Stanford alum Michael Tubbs receives inaugural Ira D. Hall Under 30 Service Award established by former Stanford trustee
Michael Tubbs, BA/MA ’12, mayor of Stockton, California, was named the inaugural recipient of the Ira D. Hall Under 30 Service Award at the Black Community Services Center’s annual Academic and Community Awards ceremony.
During his years at Stanford, Tubbs, who earned his undergraduate degree in comparative studies in race and ethnicity and a master’s degree in policy, leadership and organization studies in the Graduate School of Education, served as Black Student Union Youth Empowerment Conference co-chair, president of the NAACP chapter and ethnic theme associate at Ujamaa.
Tubbs was awarded a Truman Scholarship to support public service leaders and received a Lloyd W. Dinkelspiel Award for distinctive and exceptional contributions to undergraduate education.
Throughout his life, Tubbs has been committed to uplifting his hometown of Stockton. He served the Youth Advisory Commission of Stockton for two years as its chairman, and he organized a campaign called “Save Our Stockton,” which was able to engage the city government effectively on issues of youth and crime.
He helped found the Summer Success and Leadership Academy, which empowers young people in Stockton to create change for their city. Tubbs also founded and maintained the Phoenix Scholar program, which is still run by Stanford undergraduate students, to help hundreds of students in California attain college and university admission.
During Tubbs’ senior year at Stanford, he was elected to the Stockton City Council. Oprah Winfrey donated to his campaign. Former President Barack Obama endorsed him. Tubbs was the youngest council member.
In 2016, he became the youngest and first black mayor of Stockton.
Jan Barker-Alexander, director of the Black Community Services Center, marveled at how Tubbs “is only 26 and you can already say he’s had a lifelong commitment to service.”
The idea for an award to “celebrate young alumni who have demonstrated a commitment to service” came from Ira D. Hall, BS ’67, MBA ’76, and the first African American member of the Stanford Board of Trustees. Hall was 26 when he joined the board and served from 1970 to 1974.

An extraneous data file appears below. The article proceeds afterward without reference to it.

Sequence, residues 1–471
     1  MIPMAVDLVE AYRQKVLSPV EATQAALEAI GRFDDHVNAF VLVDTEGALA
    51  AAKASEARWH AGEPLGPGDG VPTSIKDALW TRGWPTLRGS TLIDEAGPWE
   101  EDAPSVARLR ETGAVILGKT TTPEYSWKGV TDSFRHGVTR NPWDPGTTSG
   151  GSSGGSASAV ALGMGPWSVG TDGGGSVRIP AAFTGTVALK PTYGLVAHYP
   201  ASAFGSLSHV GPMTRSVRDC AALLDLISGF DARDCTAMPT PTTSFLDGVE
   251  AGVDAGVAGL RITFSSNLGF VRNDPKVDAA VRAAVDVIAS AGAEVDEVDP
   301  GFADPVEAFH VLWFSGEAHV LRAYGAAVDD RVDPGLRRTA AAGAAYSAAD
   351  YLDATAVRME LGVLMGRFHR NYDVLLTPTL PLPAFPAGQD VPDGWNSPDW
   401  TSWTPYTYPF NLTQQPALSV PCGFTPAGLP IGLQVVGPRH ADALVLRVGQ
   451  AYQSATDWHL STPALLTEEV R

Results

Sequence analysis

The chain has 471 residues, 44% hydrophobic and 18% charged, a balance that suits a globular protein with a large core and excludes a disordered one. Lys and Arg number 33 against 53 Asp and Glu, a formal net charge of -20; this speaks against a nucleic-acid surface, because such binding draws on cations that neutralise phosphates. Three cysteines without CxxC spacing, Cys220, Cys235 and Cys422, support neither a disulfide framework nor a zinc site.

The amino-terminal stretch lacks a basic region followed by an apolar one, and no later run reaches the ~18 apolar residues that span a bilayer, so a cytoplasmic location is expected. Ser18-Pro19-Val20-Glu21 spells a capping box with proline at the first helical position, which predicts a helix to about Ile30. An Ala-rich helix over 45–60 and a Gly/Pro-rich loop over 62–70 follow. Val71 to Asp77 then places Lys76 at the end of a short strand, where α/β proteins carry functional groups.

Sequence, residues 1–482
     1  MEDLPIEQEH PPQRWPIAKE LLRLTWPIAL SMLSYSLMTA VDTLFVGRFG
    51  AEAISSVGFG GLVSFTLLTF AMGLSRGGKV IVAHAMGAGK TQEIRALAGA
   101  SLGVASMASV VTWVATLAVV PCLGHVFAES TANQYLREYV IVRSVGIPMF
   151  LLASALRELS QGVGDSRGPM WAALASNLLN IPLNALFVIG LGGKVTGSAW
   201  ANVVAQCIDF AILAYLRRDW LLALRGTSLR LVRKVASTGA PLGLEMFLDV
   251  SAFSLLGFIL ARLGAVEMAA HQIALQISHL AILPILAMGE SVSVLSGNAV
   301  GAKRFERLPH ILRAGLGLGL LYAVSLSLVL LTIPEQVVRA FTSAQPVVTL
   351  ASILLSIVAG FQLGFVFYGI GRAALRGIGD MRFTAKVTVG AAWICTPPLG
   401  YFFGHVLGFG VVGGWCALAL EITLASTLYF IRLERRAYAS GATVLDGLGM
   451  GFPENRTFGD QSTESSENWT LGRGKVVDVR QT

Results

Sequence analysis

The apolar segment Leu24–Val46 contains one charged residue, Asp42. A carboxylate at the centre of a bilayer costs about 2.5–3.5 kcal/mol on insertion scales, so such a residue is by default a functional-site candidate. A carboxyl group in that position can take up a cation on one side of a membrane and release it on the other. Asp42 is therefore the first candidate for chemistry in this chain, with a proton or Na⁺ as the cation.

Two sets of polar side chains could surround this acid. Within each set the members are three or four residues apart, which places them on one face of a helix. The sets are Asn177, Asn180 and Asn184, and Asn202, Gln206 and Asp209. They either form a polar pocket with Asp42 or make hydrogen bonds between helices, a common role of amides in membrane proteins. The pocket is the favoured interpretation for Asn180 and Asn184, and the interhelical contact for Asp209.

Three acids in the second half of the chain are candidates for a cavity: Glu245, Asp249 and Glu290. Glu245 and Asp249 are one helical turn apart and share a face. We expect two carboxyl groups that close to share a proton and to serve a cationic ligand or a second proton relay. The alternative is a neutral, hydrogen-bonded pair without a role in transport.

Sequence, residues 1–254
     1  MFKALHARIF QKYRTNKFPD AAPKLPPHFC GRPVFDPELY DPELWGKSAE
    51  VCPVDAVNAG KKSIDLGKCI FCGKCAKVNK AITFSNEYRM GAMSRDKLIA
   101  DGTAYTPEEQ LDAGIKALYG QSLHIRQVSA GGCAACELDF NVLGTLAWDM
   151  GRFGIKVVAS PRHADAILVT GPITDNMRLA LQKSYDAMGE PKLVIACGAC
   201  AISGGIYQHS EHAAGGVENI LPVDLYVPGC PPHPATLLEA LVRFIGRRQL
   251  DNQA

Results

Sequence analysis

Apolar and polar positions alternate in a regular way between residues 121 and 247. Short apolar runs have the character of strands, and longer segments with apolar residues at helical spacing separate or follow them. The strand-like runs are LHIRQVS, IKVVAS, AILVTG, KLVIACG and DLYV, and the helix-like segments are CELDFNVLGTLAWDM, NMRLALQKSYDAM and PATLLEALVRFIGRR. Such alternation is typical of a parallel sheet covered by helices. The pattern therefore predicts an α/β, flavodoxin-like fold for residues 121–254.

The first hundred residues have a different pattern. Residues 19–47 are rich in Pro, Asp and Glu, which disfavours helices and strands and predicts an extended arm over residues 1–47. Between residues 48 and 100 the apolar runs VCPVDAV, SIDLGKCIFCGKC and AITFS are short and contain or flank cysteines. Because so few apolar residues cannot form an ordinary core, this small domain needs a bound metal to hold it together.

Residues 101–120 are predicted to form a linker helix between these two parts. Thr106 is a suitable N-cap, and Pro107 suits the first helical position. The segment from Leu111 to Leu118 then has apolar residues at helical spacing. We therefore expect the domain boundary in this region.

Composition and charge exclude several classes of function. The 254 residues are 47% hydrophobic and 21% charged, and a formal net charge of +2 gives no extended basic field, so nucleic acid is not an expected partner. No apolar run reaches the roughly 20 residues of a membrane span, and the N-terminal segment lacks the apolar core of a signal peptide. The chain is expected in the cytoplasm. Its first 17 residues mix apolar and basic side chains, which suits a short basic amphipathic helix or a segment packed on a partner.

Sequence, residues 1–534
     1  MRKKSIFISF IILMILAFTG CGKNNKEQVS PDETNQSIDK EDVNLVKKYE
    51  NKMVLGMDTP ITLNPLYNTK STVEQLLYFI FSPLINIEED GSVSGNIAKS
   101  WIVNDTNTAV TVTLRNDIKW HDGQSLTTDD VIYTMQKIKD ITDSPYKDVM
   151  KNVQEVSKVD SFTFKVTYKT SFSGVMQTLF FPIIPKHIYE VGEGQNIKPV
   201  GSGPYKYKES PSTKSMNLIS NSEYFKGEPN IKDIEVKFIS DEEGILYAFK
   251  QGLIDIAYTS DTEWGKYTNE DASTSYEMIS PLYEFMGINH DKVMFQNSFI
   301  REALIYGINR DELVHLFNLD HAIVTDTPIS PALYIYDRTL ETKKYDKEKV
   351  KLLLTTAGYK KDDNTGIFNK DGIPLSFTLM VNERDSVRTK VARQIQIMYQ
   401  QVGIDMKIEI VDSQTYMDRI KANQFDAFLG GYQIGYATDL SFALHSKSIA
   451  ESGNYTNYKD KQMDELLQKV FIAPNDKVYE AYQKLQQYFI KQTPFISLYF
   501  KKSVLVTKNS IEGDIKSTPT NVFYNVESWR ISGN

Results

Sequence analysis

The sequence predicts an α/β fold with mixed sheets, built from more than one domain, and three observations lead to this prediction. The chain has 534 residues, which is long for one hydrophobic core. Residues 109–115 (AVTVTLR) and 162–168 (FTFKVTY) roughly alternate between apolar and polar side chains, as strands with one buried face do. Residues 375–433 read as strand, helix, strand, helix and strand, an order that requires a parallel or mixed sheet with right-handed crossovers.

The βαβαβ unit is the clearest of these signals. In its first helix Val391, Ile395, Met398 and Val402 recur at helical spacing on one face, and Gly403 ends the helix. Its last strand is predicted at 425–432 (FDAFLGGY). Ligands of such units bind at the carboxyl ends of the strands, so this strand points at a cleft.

Hall, of Oklahoma City, comes from a family of educators where service to others was an expectation. He became president of his senior class at Stanford. He was also heavily involved in issues of equality in East Palo Alto.
As a young engineer, Hall joined Hewlett-Packard, where the firm’s former CEO, John Young, mentored him. Hall was also mentored by William Hewlett and David Packard. Before returning to Stanford for business school, Hall was elected a trustee of Stanford; he also served on the board of the National Urban Coalition and headed the Stanford Mid-Peninsula Urban Coalition. He went on to a career on Wall Street and with other companies, including serving as treasurer of IBM U.S. and Texaco Inc. Before retiring in 2004, Hall was president and CEO of Utendahl Capital Management.
The award was his way, Hall told the Stanford Daily, “to help motivate people to get engaged with public service early and throughout their career as opposed to what is some people’s model of … ‘Well, I’ll graduate and then I’ll go get established and then I’ll become successful and then I’ll have a family and then I’ll get engaged in public service.’
“That can wind up being later than many people intend.”
Hall added that Tubbs embodies the practice of making service an early priority.